Just in case this horse isn’t quite dead yet, a final post: this morning I had what seemed at the time like a ‘moment of clarity’ on the whole boundary debate. Whether I can now recreate it on this blog with the same degree of pellucidity that it had in my 5 a.m. inner monologue is doubtful, but I’m going to give it my best shot.
On Wednesday the point that I was trying, largely unsuccessfully I think, to bring across in our final discussion stems from a realization that I have made over the past year or so, namely that, to put it rather glibly, the humanities are long and life is short. Yes, I know that there are big issues at stake for those who are struggling to forge an academic career in a time of shrinking budgets and large-scale adjunctification of the professorate, but I just don’t have the patience for, or see the value in, squabbling over territory. I think there are really exciting things happening right now in the humanities around open, accessible, and processable information structures, things largely made possible by a growing spirit of collaboration among cultural heritage institutions, government agencies, universities, and even commercial (gasp!) technology companies — and to spend time carding people at the entrance seems like a colossal waste of time. As someone who at one point poured a fair amount of himself into seeking a tenure-track academic job, I have come around to this viewpoint less easily and willingly than did Andrew Prescott (see: http://digitalriffs.blogspot.co.uk/2013/05/small-worlds-and-big-tents.html), but I think I largely share his view that the current debate seems rather parochial, and once you no longer have a dog in that fight, the fight starts to seem pretty boring. It’s a bit like reading the comments section attached to articles on the Chronicle website — a little goes a very long way.
That having been said, reading comment flame-wars is often entertaining, and once in a while the products can even be useful. I actually liked Steven Ramsay’s type1/type2 piece (http://stephenramsay.us/2013/05/03/dh-one-and-two/) — which I think goes a long way toward explaining the current shape (and frequent disconnects) of the DH field. I am myself rather partial to building things too, and I like code, but that doesn’t mean that I would dismiss TransformDH or the Dark Side conference as mere “silliness” (as one commentator — not Ramsay — has done), though I think no one can deny that they are, in part at least, ‘silly’. Does anyone think TransformDH is meant purely in earnest? And powerful ideas are, by virtue of their potency, also easy to parody. To say that Gravity’s Rainbow is often silly — indeed, it is one of the most hilarious books I’ve ever read — does nothing to detract from its greatness as a work of literature, nor from the power of its ideas. It is also, just like Joyce or Hemingway, easy to make fun of. Of course critical theory should be applied to DH — of course it should. But it doesn’t follow from that that building something or winning and directing a grant cannot be equally valid scholarly achievements or that they are merely “managerial” (cf. http://www.danielallington.net/2013/03/the-managerial-humanities-or-why-the-digital-humanities-dont-exist/). Anyone who thinks you can effectively manage a team of software developers without yourself knowing at least something about programming is kidding themselves, and anyway would we criticize the biochemist who wrote a grant to undertake groundbreaking medical research as a mere ‘manager’ who just got the funding to hire postdocs to do the real work? Sure, there have been some poorly conceived and poorly executed DH grants. No doubt there have been DH grants that got funds that could have been better spent elsewhere. There have also been more than a few bad pomo/poco monographs over the years. With any research project, funded or not, the proof is in the outcomes, not the method, the theory, the label, or in whose tent it was carried out. Enough with the sour grapes!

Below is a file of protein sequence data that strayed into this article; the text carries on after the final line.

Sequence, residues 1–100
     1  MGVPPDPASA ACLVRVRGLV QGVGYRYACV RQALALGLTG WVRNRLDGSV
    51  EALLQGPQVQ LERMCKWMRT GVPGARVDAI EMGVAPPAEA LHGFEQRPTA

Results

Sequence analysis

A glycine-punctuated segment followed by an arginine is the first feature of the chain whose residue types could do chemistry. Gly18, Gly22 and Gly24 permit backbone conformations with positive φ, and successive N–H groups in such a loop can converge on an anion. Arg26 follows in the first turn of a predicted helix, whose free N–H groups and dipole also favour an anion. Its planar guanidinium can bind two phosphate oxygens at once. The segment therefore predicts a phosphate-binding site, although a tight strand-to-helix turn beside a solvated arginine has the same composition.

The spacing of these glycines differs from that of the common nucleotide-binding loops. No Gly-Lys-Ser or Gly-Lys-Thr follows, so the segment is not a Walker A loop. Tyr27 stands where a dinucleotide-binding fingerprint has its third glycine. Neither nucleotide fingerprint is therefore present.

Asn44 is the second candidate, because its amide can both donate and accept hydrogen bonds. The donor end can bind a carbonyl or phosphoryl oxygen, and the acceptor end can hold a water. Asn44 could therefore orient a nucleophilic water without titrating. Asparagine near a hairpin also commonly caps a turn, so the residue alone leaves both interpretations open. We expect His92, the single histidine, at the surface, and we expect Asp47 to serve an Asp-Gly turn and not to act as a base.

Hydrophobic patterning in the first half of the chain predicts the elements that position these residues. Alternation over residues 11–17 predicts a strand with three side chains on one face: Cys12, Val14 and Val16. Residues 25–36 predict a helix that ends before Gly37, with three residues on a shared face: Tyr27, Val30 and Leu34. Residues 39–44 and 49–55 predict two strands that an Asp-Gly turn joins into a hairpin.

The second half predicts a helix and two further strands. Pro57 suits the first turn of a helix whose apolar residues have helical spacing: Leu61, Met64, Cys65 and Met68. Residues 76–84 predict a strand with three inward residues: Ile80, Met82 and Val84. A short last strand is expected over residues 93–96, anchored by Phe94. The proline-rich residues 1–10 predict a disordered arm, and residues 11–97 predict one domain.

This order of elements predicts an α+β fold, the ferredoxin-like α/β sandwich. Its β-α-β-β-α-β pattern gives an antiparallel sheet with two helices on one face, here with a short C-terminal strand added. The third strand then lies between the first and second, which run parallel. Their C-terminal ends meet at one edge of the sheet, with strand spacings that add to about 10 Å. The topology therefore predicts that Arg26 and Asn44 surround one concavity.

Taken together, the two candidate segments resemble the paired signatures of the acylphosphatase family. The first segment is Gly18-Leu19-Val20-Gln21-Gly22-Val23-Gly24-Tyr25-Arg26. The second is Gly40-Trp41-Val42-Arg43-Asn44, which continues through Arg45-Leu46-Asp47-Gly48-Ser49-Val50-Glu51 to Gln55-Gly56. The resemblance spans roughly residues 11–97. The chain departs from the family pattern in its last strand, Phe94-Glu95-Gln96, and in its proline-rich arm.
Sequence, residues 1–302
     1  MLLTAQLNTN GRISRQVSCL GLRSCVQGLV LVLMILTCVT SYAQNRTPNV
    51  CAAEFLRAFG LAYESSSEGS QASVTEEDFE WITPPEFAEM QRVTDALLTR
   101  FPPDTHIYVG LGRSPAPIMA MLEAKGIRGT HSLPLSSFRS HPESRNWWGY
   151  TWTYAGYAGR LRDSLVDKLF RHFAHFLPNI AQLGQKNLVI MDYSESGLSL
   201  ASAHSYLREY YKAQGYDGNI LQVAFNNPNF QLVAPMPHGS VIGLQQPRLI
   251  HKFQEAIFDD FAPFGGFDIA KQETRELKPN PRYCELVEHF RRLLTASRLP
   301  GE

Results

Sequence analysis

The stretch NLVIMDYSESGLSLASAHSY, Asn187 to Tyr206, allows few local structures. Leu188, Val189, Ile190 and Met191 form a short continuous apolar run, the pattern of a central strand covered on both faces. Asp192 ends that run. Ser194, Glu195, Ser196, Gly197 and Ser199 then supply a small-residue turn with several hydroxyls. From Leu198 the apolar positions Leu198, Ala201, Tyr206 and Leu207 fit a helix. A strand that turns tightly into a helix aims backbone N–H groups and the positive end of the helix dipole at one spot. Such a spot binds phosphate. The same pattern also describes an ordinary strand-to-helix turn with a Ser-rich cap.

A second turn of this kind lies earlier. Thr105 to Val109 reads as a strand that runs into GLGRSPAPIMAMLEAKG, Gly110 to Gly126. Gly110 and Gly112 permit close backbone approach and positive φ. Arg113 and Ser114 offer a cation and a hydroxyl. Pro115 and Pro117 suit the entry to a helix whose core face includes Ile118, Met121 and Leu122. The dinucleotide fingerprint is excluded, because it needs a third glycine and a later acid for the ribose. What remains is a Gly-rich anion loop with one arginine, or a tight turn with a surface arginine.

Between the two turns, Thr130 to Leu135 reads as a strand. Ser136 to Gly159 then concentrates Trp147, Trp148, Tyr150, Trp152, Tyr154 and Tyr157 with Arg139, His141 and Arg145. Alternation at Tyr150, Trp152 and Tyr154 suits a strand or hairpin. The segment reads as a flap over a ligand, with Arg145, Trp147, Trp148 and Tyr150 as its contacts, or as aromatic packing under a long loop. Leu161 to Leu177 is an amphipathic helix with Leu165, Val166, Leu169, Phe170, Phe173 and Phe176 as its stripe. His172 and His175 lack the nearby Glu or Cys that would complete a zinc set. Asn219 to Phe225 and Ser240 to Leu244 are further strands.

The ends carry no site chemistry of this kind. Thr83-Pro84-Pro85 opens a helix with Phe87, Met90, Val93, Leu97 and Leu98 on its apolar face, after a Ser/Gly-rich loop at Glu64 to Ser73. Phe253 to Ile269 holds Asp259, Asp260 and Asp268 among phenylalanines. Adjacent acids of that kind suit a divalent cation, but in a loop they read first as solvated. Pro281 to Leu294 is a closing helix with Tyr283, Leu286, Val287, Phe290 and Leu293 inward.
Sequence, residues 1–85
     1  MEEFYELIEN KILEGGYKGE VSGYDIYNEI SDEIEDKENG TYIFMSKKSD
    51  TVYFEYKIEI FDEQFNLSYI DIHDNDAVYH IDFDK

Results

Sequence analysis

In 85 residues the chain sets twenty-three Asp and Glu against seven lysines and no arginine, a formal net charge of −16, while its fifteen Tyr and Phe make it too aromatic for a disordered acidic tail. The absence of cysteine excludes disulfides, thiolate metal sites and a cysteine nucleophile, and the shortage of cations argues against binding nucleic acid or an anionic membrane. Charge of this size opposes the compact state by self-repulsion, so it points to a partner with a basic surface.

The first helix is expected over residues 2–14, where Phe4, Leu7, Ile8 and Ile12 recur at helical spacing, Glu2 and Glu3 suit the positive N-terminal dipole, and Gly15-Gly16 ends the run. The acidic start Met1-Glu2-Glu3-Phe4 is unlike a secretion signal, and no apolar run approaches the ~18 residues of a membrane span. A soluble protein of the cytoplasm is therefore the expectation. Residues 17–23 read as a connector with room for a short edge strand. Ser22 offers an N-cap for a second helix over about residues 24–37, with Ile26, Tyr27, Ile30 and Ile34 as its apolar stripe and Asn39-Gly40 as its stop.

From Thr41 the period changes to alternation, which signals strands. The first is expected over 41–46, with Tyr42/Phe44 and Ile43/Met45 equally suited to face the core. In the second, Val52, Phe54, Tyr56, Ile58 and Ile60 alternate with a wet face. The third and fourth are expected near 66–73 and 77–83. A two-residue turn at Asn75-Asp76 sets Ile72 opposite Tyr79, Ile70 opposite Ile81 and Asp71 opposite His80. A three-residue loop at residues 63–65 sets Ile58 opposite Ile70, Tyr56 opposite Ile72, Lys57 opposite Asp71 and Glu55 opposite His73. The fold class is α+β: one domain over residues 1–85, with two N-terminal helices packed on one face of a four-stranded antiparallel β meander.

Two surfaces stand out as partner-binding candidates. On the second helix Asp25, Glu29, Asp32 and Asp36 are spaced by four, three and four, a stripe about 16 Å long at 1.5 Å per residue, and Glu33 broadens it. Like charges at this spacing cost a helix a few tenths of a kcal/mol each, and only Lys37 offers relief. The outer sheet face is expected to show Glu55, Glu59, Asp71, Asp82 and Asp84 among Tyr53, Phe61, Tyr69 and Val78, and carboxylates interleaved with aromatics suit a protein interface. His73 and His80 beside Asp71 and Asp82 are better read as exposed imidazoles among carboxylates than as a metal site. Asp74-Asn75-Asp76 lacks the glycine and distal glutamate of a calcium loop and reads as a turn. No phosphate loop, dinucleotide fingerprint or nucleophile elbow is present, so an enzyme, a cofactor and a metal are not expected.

PS: Having gotten that out of my system, I’m adding this postscript, mainly because the preceding phrase would be a very unfitting way to end this course, the spirit of which has been precisely the opposite! Thanks to you all for a fabulous semester, and hope to see you on the Dark Side!